What to Feed Young Athletes


Once children enter elementary school, they begin to develop eating patterns that are more independent of a parent's influence and scrutiny. New activities and peers begin to influence food choices as your child is exposed to a variety of new foods and different social situations. Your child's food choices will tend to be repetitious, so that the foods they include in their diets remain relatively constant over time.

In evaluating whether your child is eating the kind of high carbohydrate diet that is best for peak athletic performance, you should be looking in particular for skipped meals, excess consumption of high-calorie/low-nutrient density foods, and food groups from the food group pyramid that your child consistently omits.


Does your child eat breakfast? Many school-age children don't. The usual excuse: a lack of time. But before you let your child continue to skip breakfast, you should know that studies have shown that:

Compared to a child who skips breakfast, a child who eats breakfast has:

  • A better attitude

  • Gets better grades

  • A greater ability to solve problems

Eating breakfast is particularly important for the youth athlete because it helps to restore carbohydrates stored as glycogen in the liver depleted during the overnight fast (remember that the word "breakfast" means breaking the fast). Thus, a high-carbohydrate breakfast helps ensure that your child has adequate energy for practices or games in the afternoon.

Here are some suggestions:

  • Encourage your child to eat foods they like for breakfast. Food composition, not social custom, is the best strategy

  • Let her know that eating non-traditional breakfast foods is okay, so long as they are high in carbohydrates and low in fat

  • Aim for a breakfast that provides between one quarter and one third of your child's daily calorie needs

  • Athletes like figure skaters and runners, who practice early in the morning before going to school, should have a small snack before sports (fruit juice and toast, oatmeal and fruit, or bagel with peanut butter and jelly) followed by additional carbohydrate rich foods and fluids after practice.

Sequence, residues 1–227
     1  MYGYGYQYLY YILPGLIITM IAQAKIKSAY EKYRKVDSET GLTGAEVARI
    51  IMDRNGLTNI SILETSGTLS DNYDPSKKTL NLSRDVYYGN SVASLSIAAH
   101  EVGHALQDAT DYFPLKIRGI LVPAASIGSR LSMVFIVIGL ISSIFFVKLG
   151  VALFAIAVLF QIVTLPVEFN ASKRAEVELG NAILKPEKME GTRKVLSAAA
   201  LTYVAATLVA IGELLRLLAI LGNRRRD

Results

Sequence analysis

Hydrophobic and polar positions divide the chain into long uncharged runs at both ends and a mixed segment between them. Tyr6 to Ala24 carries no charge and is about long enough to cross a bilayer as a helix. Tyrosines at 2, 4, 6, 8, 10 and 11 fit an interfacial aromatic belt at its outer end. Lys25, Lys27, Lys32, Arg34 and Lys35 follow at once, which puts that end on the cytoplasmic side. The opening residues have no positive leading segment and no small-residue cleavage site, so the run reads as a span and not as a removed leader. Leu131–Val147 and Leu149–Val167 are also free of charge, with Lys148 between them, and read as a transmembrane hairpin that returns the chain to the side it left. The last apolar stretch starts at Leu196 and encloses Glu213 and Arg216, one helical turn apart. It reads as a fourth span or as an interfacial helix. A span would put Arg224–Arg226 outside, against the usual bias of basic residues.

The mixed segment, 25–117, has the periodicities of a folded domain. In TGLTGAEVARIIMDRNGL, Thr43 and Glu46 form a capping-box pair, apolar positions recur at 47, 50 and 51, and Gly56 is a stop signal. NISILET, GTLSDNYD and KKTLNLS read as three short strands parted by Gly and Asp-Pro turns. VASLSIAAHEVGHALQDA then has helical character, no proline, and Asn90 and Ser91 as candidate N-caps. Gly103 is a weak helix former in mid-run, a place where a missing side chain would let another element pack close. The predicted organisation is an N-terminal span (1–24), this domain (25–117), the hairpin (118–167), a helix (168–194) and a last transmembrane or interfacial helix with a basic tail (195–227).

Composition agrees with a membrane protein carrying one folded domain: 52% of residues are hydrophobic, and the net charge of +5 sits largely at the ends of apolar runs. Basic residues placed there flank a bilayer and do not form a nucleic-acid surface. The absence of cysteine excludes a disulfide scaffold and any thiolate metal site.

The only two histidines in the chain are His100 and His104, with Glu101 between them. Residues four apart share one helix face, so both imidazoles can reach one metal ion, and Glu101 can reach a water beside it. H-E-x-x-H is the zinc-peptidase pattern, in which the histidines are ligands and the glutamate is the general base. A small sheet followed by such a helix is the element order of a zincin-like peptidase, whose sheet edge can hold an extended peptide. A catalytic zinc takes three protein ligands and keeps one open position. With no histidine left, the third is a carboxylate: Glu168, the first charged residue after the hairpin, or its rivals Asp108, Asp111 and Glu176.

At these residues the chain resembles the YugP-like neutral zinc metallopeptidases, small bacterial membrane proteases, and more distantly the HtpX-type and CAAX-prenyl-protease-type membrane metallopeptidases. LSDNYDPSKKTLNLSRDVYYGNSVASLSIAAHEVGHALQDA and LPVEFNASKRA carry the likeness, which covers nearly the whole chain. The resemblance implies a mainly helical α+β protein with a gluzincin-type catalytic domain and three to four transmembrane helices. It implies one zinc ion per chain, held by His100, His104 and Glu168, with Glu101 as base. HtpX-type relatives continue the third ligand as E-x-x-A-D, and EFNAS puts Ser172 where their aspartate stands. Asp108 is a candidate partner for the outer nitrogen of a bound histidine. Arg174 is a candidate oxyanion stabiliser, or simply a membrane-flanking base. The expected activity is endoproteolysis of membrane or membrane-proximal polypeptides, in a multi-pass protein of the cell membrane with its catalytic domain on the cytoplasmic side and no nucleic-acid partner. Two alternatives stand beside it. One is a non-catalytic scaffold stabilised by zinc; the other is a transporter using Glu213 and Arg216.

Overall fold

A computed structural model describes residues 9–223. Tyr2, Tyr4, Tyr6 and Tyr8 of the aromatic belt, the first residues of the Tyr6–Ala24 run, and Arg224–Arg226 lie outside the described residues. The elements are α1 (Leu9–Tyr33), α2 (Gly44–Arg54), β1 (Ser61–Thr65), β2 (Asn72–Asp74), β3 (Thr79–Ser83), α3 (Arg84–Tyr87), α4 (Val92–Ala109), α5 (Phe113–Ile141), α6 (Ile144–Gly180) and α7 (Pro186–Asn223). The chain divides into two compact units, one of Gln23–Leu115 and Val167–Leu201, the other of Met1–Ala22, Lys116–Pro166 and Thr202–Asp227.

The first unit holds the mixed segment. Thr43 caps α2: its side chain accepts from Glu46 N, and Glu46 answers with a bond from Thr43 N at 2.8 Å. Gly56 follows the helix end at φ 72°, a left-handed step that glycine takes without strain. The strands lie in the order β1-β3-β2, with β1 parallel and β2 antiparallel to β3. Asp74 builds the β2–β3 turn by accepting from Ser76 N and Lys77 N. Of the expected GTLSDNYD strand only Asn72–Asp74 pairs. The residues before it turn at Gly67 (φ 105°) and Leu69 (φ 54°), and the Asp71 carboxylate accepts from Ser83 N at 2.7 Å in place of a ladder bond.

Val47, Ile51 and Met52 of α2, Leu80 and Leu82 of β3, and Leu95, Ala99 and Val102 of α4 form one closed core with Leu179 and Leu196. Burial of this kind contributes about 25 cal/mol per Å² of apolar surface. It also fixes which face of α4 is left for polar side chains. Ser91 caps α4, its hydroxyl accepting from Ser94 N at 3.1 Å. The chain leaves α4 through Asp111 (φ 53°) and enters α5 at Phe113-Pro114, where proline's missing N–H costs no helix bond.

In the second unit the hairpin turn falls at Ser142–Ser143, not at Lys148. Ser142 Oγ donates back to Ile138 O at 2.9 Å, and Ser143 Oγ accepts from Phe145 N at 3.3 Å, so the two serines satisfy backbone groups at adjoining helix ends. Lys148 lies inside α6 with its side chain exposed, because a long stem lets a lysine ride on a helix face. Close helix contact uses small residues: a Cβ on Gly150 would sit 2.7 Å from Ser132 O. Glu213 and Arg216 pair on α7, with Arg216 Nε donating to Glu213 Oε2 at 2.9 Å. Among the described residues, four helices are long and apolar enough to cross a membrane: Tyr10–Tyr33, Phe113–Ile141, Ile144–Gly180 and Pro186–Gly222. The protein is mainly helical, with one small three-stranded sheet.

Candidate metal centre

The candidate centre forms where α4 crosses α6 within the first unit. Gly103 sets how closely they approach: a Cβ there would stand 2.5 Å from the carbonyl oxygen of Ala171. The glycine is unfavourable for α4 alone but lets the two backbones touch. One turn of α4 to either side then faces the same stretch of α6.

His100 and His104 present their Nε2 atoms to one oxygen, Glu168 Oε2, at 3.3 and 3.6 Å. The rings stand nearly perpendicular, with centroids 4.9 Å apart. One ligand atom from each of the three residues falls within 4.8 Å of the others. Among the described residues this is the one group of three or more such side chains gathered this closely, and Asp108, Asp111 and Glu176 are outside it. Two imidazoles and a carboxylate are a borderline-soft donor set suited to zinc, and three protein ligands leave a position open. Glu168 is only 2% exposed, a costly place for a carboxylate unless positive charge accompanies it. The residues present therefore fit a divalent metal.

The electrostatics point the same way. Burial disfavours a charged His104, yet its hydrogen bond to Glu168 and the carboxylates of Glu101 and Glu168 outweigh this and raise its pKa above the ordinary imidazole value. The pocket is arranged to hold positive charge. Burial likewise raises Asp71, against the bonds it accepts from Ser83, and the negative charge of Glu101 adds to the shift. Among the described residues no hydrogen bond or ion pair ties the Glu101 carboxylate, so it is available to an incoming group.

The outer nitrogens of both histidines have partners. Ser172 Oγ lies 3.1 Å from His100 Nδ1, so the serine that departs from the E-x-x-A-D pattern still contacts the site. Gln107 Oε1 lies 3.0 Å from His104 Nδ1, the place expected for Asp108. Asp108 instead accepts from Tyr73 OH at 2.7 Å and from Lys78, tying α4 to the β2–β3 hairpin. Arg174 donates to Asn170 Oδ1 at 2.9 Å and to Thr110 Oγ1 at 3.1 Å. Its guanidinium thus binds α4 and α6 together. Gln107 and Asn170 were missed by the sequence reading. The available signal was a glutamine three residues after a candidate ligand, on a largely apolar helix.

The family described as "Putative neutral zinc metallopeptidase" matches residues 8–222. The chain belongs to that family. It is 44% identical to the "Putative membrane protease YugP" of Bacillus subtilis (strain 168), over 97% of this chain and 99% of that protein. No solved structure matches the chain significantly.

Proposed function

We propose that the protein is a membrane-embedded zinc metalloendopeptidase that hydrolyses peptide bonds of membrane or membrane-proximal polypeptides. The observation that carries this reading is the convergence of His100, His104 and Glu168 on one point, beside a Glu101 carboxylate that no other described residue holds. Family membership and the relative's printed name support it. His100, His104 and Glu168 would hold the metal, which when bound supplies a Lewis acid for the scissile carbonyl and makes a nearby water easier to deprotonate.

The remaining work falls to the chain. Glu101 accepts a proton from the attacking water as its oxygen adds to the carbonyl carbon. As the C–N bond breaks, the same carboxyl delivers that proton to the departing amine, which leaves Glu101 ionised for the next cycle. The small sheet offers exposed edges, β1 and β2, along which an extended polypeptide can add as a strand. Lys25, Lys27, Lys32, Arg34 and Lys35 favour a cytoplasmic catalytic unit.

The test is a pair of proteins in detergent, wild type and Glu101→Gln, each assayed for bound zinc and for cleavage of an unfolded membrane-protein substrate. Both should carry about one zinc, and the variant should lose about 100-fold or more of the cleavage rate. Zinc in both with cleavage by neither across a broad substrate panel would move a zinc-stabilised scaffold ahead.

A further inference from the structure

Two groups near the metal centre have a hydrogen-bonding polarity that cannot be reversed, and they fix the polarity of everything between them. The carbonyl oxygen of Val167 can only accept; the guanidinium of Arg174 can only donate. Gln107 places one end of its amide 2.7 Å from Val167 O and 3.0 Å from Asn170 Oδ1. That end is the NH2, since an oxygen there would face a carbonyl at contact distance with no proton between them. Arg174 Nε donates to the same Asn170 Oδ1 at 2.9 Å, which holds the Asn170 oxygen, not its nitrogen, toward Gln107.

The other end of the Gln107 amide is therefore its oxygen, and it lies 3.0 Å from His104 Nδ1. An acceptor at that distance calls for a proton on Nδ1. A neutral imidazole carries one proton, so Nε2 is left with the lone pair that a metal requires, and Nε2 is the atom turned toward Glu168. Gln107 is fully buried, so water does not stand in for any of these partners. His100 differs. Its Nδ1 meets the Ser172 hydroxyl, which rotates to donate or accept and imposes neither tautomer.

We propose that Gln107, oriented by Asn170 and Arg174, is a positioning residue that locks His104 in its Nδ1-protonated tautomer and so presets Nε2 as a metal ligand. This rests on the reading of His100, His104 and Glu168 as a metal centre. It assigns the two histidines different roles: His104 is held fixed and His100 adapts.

Think that a lunch brought from home is more nutritious than one provided by your child's school? Think again.

  • The federal government requires school lunches to provide approximately one-third of the recommended dietary allowances for children

  • Due to recent changes in the school lunch program, popular foods like pizza, tacos, macaroni and cheese, and hamburgers have been added, fresh fruit is now available as an alternative to sugary desserts like cake and cookies, and skim milk is offered in addition to whole milk

  • Studies have shown that school lunches are generally more nutritious than lunches brought from home because box lunches:

    • Are usually less varied

    • Only include favorite foods

    • Are limited to foods that travel well and don't require refrigeration or heating

    • May not be eaten, or end up being traded or, worst of all, thrown away

Because peers often influence your child's food choices, you should ask him if he eats lunch with his friends, what foods he eats, and why he prefers certain foods. That way, you can recommend changes in his lunch choices, if necessary.


Snacks may be a significant component of your child's diet, so their nutritional content may go a long way in determining whether her overall dietary needs are being met.

To find out about your child's snacking patterns, ask what, when and where:

  • What are your child's favorite snacks?

  • When and how often does your child snack?

  • Where does your child get snacks? From home, vending machine or convenience store?

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